While many know the story of Amelia Earhart’s flight across the Atlantic, fewer people know that Ruth Elder attempted to become the first woman to fly across the Atlantic years earlier in 1927. Though her attempt was cut short by a malfunction over the ocean, she nevertheless became famous, not only for her attempt but also for her later aviation exploits. This book tells her life story, focusing primarily on her attempt to fly across the Atlantic and her participation in a cross-country air race in 1929. Ruth’s story will excite fans of planes and flying and the illustrations will transport readers back to the 1920’s through their vivid details. The book also includes further sources of information about Ruth’s life as well as a final illustration that highlights a number of other important female aviators.
Fly High! The Story of Bessie Coleman by Louise Borden and Mary Kay Kroeger with illustrations by Teresa Flavin (4-6)
This book tells the story of Bessie Coleman, an African American woman who grew up in the south in the late 1800’s with a dream to get an education. When she moved to Chicago in 1915 for a chance at a better life, she discovered aviation and decided to head to France to pursue an opportunity to learn to fly. Once she had her license, Bessie returned to the U.S. where she flew in air shows and gave speeches encouraging others to follow her path. Though the book ends with the tragic tale of her death in a flying accident, the story is sure to inspire those interested in learning to fly.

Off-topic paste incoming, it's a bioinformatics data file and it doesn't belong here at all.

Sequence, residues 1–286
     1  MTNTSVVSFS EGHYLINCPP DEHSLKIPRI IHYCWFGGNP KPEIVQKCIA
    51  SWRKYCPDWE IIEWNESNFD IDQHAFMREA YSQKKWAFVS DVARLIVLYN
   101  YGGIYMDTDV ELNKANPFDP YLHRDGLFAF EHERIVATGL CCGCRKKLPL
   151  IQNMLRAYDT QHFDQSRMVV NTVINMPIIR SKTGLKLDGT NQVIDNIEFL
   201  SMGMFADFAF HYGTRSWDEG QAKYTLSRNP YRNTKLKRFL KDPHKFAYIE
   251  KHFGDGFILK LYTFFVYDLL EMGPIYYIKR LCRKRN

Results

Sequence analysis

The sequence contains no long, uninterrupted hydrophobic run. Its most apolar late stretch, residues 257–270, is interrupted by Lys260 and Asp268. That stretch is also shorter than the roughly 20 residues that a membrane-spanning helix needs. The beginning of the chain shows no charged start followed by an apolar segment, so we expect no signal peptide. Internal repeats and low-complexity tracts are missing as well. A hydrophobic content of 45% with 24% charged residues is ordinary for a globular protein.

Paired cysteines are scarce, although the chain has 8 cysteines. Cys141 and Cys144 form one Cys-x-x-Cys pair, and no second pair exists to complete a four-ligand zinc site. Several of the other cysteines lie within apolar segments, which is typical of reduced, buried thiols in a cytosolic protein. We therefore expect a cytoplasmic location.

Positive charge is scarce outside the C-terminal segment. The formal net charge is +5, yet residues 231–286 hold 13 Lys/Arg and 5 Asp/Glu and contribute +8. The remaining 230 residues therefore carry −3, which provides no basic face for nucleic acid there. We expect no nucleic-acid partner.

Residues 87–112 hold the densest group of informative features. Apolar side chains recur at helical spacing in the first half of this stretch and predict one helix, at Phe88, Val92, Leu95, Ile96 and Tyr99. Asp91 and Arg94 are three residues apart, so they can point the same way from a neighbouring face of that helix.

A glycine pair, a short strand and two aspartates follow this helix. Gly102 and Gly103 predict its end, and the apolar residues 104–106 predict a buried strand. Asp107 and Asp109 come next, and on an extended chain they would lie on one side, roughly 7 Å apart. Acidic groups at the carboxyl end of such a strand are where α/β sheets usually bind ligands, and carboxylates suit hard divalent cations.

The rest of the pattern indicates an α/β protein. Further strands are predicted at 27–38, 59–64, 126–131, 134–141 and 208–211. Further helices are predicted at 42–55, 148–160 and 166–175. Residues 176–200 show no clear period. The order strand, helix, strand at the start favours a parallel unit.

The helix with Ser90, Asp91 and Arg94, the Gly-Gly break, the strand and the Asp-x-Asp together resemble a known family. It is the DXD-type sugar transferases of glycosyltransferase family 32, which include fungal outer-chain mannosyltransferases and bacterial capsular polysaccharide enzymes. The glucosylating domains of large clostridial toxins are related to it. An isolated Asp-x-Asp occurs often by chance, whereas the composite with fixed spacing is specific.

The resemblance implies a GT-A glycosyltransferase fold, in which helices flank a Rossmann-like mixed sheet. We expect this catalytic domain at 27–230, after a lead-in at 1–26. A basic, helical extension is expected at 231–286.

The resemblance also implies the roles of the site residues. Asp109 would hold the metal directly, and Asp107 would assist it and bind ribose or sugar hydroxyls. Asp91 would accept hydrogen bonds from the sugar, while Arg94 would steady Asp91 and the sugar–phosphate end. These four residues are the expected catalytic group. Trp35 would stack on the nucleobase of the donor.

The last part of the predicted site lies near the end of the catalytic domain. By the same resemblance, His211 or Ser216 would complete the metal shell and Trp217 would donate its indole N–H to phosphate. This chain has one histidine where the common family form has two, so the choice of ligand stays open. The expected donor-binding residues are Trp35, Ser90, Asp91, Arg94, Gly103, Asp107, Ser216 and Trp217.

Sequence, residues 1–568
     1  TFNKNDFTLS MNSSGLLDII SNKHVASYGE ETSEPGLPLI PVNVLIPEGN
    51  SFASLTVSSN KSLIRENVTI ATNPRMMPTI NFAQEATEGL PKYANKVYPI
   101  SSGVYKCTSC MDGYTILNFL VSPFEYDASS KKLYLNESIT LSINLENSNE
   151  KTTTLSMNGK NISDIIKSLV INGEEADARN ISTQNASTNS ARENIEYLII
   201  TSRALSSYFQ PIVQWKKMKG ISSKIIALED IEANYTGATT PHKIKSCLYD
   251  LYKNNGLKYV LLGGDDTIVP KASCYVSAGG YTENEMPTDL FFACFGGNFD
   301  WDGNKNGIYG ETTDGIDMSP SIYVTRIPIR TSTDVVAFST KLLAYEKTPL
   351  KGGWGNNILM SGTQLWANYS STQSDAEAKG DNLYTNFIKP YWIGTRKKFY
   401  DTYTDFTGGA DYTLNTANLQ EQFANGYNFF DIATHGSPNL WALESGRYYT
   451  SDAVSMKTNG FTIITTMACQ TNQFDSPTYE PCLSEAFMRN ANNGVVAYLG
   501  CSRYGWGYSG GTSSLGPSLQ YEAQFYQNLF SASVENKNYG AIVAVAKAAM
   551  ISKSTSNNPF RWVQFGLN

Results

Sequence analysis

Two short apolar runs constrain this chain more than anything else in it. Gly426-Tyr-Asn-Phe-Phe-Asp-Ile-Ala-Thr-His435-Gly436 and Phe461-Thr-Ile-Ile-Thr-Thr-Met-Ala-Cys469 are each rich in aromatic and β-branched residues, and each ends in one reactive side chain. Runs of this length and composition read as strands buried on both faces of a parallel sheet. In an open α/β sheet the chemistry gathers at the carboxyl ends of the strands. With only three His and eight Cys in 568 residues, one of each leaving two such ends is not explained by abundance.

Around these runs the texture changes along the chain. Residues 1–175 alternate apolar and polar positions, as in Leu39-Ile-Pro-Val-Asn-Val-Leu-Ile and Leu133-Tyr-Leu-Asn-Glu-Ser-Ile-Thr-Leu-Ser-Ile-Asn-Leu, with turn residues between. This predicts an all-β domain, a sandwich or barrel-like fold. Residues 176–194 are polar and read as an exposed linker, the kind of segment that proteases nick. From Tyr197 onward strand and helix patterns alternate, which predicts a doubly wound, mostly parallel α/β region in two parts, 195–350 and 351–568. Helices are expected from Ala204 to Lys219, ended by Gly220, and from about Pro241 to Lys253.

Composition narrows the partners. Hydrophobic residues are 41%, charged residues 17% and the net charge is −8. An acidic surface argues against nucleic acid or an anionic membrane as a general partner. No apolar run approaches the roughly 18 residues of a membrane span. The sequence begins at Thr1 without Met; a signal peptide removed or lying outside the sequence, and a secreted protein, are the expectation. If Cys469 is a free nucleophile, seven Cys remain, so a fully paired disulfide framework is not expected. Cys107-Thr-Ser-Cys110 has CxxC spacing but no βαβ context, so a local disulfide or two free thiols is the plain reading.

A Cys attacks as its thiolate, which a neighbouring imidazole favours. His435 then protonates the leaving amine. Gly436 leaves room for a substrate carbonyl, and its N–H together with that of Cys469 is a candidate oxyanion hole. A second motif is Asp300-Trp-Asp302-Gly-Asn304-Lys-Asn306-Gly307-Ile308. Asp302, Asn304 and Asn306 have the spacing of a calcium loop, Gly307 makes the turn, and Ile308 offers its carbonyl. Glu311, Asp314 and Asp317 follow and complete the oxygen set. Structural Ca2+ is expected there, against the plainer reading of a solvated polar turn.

Amelia Earhart: The Legend of the Lost Aviator by Shelley Tanaka with illustrations by David Craig (4-6)
Illustrated with a combination of paintings and photographs from Amelia Earhart’s life, this book is an impressive biography of a woman who is arguably the most famous female aviator in American history. Starting in her childhood and continuing until her disappearance in 1937, it offers a look into Amelia’s entire life, including aspects that are often glossed over in other books, such as her time as a nurse’s aide in Toronto and her work with two early commercial airlines. Both the pictures and the illustrations bring Amelia to life for readers and a list of source notes and other resources at the end of the book provide lots of options for further reading.
I haven't been posting much lately, but it's not because I haven't been busy. Here's what I've been doing: